BEIJING/SHENYANG, China -- When a siren rang at 9:18 a.m. on Saturday to mark the 90th anniversary of a railway bombing by the Imperial Japanese Army, a high-ranking Chinese official was among the attendees.
Zhao Leji, the No. 6 official of the Chinese Communist Party and a member of the powerful Politburo Standing Committee, was on hand for a ceremony of what is known as the Liutiaohu Incident -- or simply the September 18 Incident -- in Shenyang, according to the state-run Xinhua News Agency.
The rare appearance by a top Communist Party leader at the geopolitically sensitive event was a likely message to Japan, which has been increasingly making statements on the stability of the Taiwan Strait and human rights in Xinjiang, issues Beijing considers internal affairs.
This was the first appearance of a top Chinese official at the ceremony since 2014.
The Imperial Japanese Army blew up a section of the South Manchuria Railway in 1931, made the bombing look like the work of Chinese dissidents and launched a military campaign in response at the Northern Grand Barracks, in an episode remembered as the Manchurian Incident.
"After 14 years of struggle under the leadership of the party, we won a great victory in the anti-Japanese war," Zhao said. "We will maintain a correct view of history, accurately grasp the critical significance of the war against Japan, and gain wisdom to move forward."
At the ceremony commemorating the 80th anniversary in 2011, no member of the Politburo Standing Committee attended the event.
The ceremony was held at the 9.18 Historical Museum in the suburbs of Shenyang. The museum had been closed for renovations, but reopened on Saturday to coincide with the anniversary.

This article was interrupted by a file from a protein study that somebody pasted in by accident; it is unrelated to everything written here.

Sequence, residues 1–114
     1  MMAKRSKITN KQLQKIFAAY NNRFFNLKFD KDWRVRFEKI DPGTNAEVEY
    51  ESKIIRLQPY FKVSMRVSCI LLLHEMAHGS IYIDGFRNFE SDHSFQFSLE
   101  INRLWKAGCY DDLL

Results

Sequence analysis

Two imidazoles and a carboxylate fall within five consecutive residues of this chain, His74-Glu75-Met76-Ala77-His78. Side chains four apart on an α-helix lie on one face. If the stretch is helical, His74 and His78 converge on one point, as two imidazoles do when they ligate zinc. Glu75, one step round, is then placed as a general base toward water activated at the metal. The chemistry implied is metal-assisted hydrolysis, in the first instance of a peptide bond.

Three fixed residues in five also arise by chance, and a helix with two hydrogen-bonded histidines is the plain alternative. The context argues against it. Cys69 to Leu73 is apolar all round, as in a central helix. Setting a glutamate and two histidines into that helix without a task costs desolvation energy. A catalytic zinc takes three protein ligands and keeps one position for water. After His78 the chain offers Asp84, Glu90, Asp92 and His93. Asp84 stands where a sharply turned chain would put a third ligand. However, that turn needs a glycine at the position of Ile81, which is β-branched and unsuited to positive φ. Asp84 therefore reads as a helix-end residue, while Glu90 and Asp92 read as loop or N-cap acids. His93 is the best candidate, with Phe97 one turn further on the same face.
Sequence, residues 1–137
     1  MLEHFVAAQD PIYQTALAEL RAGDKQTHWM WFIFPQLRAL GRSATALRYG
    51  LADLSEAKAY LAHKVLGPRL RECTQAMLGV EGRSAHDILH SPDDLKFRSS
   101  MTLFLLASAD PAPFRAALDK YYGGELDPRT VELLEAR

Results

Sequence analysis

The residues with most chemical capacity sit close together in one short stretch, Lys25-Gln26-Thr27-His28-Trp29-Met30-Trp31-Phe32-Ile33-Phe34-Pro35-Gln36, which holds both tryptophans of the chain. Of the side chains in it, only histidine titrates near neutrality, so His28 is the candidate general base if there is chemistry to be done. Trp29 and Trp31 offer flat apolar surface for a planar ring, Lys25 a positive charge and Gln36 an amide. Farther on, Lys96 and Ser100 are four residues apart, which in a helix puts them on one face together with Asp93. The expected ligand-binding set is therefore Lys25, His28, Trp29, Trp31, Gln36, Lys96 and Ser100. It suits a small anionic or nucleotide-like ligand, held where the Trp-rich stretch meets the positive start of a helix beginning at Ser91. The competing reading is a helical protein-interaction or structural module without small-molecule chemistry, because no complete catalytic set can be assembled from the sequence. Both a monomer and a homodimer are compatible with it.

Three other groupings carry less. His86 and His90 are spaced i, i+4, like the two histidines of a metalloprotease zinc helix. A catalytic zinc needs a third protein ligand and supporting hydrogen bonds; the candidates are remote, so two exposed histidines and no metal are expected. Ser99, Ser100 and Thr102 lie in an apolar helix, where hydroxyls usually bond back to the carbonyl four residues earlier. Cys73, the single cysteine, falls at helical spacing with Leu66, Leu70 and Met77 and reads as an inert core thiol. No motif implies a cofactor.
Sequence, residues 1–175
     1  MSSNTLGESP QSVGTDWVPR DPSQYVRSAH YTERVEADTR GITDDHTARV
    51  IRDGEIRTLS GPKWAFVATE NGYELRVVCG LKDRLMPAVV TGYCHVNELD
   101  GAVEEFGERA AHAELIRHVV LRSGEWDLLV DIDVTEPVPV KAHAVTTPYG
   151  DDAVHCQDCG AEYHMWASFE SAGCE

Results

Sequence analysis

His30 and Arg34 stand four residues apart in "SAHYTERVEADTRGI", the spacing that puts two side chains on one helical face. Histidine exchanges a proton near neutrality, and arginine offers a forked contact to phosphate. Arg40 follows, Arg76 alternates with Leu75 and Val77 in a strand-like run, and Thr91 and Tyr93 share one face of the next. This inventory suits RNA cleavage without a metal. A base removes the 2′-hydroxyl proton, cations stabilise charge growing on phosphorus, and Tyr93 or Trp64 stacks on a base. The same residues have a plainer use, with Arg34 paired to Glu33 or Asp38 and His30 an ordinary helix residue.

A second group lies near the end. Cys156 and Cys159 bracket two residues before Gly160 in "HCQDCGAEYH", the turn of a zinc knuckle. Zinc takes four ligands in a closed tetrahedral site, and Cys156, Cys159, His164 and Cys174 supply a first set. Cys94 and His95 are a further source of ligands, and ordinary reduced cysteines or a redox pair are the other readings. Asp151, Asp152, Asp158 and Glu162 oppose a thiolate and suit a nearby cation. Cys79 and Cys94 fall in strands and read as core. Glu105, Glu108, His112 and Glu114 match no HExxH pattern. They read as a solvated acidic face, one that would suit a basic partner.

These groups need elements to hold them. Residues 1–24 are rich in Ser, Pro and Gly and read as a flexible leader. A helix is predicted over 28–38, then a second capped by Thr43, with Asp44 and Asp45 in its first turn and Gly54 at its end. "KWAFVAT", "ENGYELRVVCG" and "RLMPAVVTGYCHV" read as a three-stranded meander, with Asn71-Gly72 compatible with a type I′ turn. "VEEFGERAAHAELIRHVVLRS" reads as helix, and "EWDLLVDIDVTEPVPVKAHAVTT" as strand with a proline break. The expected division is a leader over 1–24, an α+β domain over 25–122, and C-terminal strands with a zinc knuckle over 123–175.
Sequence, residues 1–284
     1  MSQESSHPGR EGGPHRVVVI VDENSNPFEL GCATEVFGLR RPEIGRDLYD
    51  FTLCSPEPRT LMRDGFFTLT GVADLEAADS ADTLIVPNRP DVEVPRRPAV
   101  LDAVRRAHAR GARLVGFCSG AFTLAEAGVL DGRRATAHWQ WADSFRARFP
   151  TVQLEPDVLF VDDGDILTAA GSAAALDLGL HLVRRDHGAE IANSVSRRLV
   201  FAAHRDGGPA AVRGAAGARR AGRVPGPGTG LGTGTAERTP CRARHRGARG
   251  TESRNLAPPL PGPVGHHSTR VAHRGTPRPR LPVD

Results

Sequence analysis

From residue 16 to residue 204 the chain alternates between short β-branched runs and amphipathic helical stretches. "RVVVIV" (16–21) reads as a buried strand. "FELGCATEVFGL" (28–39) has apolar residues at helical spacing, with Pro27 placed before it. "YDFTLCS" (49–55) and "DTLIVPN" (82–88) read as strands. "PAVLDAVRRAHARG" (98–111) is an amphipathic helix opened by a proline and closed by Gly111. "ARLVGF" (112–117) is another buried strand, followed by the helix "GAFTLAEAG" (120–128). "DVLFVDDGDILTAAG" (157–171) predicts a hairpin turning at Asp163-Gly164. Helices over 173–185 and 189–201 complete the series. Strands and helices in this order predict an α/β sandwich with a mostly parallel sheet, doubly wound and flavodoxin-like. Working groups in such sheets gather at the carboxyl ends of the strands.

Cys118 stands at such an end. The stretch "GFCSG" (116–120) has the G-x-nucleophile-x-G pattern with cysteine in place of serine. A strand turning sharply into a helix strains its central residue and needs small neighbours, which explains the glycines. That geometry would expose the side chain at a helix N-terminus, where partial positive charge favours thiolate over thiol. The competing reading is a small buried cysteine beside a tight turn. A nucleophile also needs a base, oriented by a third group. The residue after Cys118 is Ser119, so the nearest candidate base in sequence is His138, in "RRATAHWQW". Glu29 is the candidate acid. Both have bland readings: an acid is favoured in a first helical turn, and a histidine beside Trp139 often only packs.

The Chinese Communist Party now regards the day of the bombing as the start of the Chinese people's war of resistance against Japanese aggression.
China used to call the Sino-Japanese War "the resistance for 8 years," recognizing the Marco Polo Bridge Incident in July 1937 -- a skirmish in a Beijing suburb -- as the start of the war, but recently "the war for 14 years" has become the popular parlance in a nod to the Liutiaohu Incident as the beginning of the conflict.
There is a view that the high level of importance of the Liutiaohu Incident as the starting point of the Sino-Japanese war is behind the attendance of top leadership.
It is also pointed out that anti-Japanese sentiment is growing in China. A commercial complex in Dalian, Liaoning Province, was shut down this month. Although it was only officially opened in August, it was criticized online as an invasion by Japanese culture.
Zhao's attendance at the ceremony also comes as Japanese Prime Minister Yoshihide Suga prepares to attend the first in-person summit of leaders from Quadrilateral Security Dialogue, a grouping of the U.S., Japan, India and Australia formed to counter China in the Indo-Pacific.